For this reason we will invest in a 3 digit, 24/7 province-wide mental health crisis response line so callers can be diverted from 911 and connected to the most appropriate service. We will invest in the creation and expansion of 24/7 mental health focused mobile crisis response teams, crisis centres, rapid access addiction medicine clinics, and short-term residential beds across the province. We will work with the federal government to fast-track the decriminalisation of drugs and reallocate funding from the justice system to mental health care services. Additional initiatives such as building 60,000 permanent supportive housing spaces with wrap-around mental health and other supports, investing in more Youth Wellness Hubs, and enhancing mental well-being with connected communities and expanded access to nature trails, parks and protected greenspace will further alleviate the distress in our communities with an appropriate response.
The Hoser: Considering that COVID is airborne and cases are once again quite high, will your government make any investments in retrofits or building new hospitals, schools, public transit vehicles, or any other large-scale investments related to public health, indoor crowding and ventilation.
Monica Henriques: Yes, several of the Green Party policies would invest in increasing safety and public health while at the same time addressing the climate crisis and improving funding for healthcare and education. For example:
- Address the repair backlog for Ontario public schools, providing funding for schools to make energy efficiency and ventilation improvements
- Cap class sizes at 24 for grades 4-8 (26 for kindergarten)
- Retrofit public buildings like schools to dramatically reduce their energy consumption,improve ventilation and make them more resilient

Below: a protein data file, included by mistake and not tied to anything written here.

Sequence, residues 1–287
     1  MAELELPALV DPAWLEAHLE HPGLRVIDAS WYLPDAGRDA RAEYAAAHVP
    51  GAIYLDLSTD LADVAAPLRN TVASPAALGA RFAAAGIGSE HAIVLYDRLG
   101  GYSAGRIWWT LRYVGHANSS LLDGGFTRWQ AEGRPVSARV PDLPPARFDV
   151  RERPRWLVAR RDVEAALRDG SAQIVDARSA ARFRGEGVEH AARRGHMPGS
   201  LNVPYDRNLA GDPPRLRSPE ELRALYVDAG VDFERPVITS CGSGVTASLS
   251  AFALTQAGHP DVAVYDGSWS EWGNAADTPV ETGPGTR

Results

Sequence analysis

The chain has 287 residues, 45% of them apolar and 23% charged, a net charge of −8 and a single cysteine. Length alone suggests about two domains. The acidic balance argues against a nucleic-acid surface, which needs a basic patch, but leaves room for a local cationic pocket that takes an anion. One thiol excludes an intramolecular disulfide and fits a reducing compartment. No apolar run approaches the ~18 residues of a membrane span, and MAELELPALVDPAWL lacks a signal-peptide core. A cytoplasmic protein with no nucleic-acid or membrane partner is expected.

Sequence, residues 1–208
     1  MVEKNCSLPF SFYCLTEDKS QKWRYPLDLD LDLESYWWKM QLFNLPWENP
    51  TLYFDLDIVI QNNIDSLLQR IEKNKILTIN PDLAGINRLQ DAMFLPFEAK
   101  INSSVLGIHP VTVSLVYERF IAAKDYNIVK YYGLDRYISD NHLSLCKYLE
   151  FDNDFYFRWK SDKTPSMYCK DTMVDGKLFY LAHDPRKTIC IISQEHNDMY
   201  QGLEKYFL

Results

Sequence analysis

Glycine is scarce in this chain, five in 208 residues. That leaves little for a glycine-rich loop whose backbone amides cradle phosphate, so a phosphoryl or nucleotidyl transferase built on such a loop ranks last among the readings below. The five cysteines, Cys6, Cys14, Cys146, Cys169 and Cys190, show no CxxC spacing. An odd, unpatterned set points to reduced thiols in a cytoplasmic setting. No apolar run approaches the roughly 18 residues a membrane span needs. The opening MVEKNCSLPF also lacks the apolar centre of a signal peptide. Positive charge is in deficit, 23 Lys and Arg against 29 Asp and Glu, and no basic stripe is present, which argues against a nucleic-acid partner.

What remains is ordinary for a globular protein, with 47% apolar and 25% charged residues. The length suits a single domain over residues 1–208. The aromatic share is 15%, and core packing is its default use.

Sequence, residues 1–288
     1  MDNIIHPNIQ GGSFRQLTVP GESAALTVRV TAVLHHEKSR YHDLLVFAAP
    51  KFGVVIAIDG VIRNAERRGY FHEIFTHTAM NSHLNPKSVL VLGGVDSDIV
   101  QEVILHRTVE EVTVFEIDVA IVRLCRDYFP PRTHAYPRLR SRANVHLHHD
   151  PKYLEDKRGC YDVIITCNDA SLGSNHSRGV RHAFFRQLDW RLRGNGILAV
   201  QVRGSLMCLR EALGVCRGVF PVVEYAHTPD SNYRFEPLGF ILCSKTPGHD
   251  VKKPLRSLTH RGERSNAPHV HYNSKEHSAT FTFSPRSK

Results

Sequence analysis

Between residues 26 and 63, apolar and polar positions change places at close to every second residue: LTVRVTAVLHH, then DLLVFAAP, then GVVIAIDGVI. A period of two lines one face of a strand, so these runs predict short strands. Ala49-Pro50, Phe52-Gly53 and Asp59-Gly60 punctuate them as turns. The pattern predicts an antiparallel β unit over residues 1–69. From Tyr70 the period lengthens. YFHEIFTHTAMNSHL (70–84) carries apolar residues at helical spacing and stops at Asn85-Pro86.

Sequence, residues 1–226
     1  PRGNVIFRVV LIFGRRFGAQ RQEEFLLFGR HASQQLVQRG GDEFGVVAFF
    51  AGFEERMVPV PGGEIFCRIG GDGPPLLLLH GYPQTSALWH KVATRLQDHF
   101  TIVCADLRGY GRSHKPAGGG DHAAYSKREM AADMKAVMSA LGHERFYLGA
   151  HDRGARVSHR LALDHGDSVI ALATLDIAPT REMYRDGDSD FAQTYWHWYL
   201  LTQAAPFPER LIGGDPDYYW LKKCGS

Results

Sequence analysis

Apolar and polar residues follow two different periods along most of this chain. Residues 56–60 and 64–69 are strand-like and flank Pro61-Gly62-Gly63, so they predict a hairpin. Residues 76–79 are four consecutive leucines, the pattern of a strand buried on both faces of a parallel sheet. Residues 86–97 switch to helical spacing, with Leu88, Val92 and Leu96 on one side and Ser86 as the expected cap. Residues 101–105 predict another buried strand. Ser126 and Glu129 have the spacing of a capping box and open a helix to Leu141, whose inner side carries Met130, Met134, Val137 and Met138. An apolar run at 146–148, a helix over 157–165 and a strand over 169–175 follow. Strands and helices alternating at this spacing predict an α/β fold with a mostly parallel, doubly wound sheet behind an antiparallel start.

- Invest in hospitals and healthcare workers
- Evaluate the current pandemic response and prepare invest in readiness for the future
- Rapidly moving towards low carbon transportation options, including electric cars, buses, bikes and walking.
The Hoser: As of 2021, the living wage in Toronto was over $22 an hour. In all major cities and towns in the province, the $15/hr minimum wage is below a living wage. Inflation is now upwards of six percent, and scheduled wage increases and cost of living adjustments are not keeping up. Is your government committed to getting minimum wage levels to a living wage? If not, why?
Monica Henriques: Yes, the Green Party would increase the floor of the minimum wage each year by $1, starting at $16 in 2022, with a top-up in cities where the cost of living is higher. Other measures such as legislating 10 paid sick days, adding a program for portable health benefits for workers in the retail and hospitality sectors as well as Gig Workers, and phasing in a basic income program would also help to significantly improve economic security. Improving access to transit and improving housing affordability will also help to address the current significant challenges around cost of living. https://gpo.ca/platform/caring-society/#respect-workers-and-increase-economic-security